In this blog, we explore the role that packaging design plays when it comes to telling your brand story and getting people to buy your product.

Here’s how your packaging design helps tell your brand story

Have you ever been browsing the shelves in a shop and seen something that made you say, out loud –­ with feeling ­­­– ‘Wow, I need to buy that’.

That’s the feeling businesses are chasing with their packaging. They want to stand out from their competitors and pitch their product to the right audience, in the right way, so that they can snag market share from their competitors.

So what role does packaging play when it comes to attracting the people that you want to buy your product?

Good packaging grabs your attention

A typical supermarket shopper passes about 600 items per minute. Do they have time to analyse everything on the shelves? Of course not.

Your packaging needs to be strong enough not just to get noticed, but to encourage the person in question to buy it. You need to capture what’s unique about your brand in your packaging, so that the person picking it up will feel like will they get a unique experience from that product if they make the purchase.

You don’t need 1,000 patterns competing for attention; a bold colour and quality finish can tip the balance – just look at Volcano at Home’s minimal yet effective coffee pods or Fussy’s sustainable deodorant cans that fit in an envelope.

The crucial question to remember is, is your packaging capturing the right crowd? A Frank Sinatra fan probably won’t look twice at your fragrance if Avril Lavigne is on the side of it.

Conduct market research, assess who buys your products and where they are buying them, and keep track of what your competitors are doing. Only then will you understand what will stop people in your tracks and get them to buy your product.

Good packaging tells a story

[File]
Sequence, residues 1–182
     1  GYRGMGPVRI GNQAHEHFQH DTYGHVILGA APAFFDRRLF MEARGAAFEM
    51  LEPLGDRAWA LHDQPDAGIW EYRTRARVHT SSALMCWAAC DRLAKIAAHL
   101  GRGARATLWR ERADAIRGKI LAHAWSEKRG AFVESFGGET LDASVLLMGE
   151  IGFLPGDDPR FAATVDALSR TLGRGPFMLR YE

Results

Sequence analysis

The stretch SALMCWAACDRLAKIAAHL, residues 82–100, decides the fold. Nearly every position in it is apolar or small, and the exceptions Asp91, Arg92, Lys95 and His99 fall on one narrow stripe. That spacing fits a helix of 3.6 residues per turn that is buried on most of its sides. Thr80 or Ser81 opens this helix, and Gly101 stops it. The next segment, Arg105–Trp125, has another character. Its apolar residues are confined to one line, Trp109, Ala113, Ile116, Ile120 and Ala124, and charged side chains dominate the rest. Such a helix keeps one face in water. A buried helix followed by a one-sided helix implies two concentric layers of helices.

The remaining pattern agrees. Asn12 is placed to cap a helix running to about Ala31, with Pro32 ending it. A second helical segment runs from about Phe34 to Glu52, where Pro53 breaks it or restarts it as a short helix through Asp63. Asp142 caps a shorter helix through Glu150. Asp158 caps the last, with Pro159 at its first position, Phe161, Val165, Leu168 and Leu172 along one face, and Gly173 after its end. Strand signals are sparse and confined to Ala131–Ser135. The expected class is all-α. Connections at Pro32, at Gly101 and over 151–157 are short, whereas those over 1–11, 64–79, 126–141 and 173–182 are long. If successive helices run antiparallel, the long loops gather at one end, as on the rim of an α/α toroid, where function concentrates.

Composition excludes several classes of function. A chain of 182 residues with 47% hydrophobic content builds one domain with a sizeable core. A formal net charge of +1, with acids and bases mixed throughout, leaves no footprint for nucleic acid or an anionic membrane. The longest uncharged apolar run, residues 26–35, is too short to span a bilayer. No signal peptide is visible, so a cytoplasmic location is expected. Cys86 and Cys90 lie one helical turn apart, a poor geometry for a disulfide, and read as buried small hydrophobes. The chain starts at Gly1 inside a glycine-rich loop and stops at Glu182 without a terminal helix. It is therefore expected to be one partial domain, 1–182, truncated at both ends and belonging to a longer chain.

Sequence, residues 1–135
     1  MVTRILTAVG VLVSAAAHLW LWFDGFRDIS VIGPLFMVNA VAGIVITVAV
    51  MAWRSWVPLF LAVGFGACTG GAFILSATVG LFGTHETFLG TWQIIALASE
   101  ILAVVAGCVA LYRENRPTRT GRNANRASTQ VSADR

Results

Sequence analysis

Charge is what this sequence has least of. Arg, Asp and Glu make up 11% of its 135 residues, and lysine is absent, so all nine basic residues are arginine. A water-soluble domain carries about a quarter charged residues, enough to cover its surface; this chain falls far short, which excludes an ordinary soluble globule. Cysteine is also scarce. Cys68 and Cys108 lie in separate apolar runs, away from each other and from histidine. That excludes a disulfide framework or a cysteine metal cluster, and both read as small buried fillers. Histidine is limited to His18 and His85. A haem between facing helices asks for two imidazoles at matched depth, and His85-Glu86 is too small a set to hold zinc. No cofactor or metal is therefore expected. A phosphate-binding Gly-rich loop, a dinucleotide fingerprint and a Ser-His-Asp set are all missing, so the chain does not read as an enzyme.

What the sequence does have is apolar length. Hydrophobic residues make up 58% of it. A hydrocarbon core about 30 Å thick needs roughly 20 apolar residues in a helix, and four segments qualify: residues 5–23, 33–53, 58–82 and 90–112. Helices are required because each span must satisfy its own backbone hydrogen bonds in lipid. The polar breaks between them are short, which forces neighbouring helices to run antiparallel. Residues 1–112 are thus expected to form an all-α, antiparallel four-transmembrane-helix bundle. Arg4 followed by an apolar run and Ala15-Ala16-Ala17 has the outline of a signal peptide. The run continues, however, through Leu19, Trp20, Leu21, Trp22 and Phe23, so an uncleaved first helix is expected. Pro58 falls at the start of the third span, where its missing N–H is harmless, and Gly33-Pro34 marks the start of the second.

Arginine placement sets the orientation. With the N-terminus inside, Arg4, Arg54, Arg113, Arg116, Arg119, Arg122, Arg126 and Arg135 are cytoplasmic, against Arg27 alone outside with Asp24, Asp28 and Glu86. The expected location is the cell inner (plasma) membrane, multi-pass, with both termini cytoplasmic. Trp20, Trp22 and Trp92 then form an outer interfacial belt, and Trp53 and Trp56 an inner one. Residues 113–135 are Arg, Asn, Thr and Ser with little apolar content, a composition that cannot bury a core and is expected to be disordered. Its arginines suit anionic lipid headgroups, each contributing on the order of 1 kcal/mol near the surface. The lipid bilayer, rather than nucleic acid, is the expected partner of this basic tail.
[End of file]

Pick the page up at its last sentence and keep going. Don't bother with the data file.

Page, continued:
We’ve talked a lot about storytelling, with good reason. Your packaging obviously needs to say something about what your product is and what it does, but specifically, it needs to make clear what it is doing for the consumer.

When we say story, that doesn’t necessarily mean writing a ‘once upon a time in a galaxy far, far away’ style epic on the side of a box – it can be about capturing a feeling, evoking an emotion, saying in as few words as possible what you’ll get from the product.

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Sabadi’s chocolate is a great example of this, especially its I Toronni line of chocolate nougats. When placed next to each other, the images on the front of each different flavour of nougat align to form a panorama of Sicily. Instantly, the consumer learns something – about the place, the authenticity, the culture that manifests this chocolate into being, and understands that this a high-quality product. Powerful stuff.

Good packaging is consistent with your brand values

At every touchpoint in your customer journey, you are communicating your brand values, whether, that’s on your website, in your email messages – and especially your packaging.

Your packaging might be the first impression a customer has of your company – that’s why it's vital that it reflects your brand's values so that you can ensure you are attracting the customer that’s right for your business.

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One of the hottest examples recently (particularly in the wake of COP26) has been sustainability. Brands such as Ikea are using biodegradable ‘fungi packaging’ to reduce waste and increase recycling. However, there’s also Nepto, which manages to communicate the high-quality, luxury nature and feel you’d expect from a high-end watch brand but with 100% sustainable packaging.

By using packaging that is consistent with your brand values, you’ll leave an impression on the customer that is more likely to see them buying the product again in the future.

To wrap up….

Your product doesn’t just need packaging that’s going to stand out and target the right audience in the right way – it also needs to tell your brand story and being consistent with your brand values. Only then will you start seeing sales pick up as a result of your packaging.

Want more tips on how great design can tell your brand story? Download The Good, The Bad and The Ugly – our marketing guide for manufacturers, or book a free consultation with Nutcracker today.

Jenny Knowles | Head of Design
Jenny Knowles

Head of Design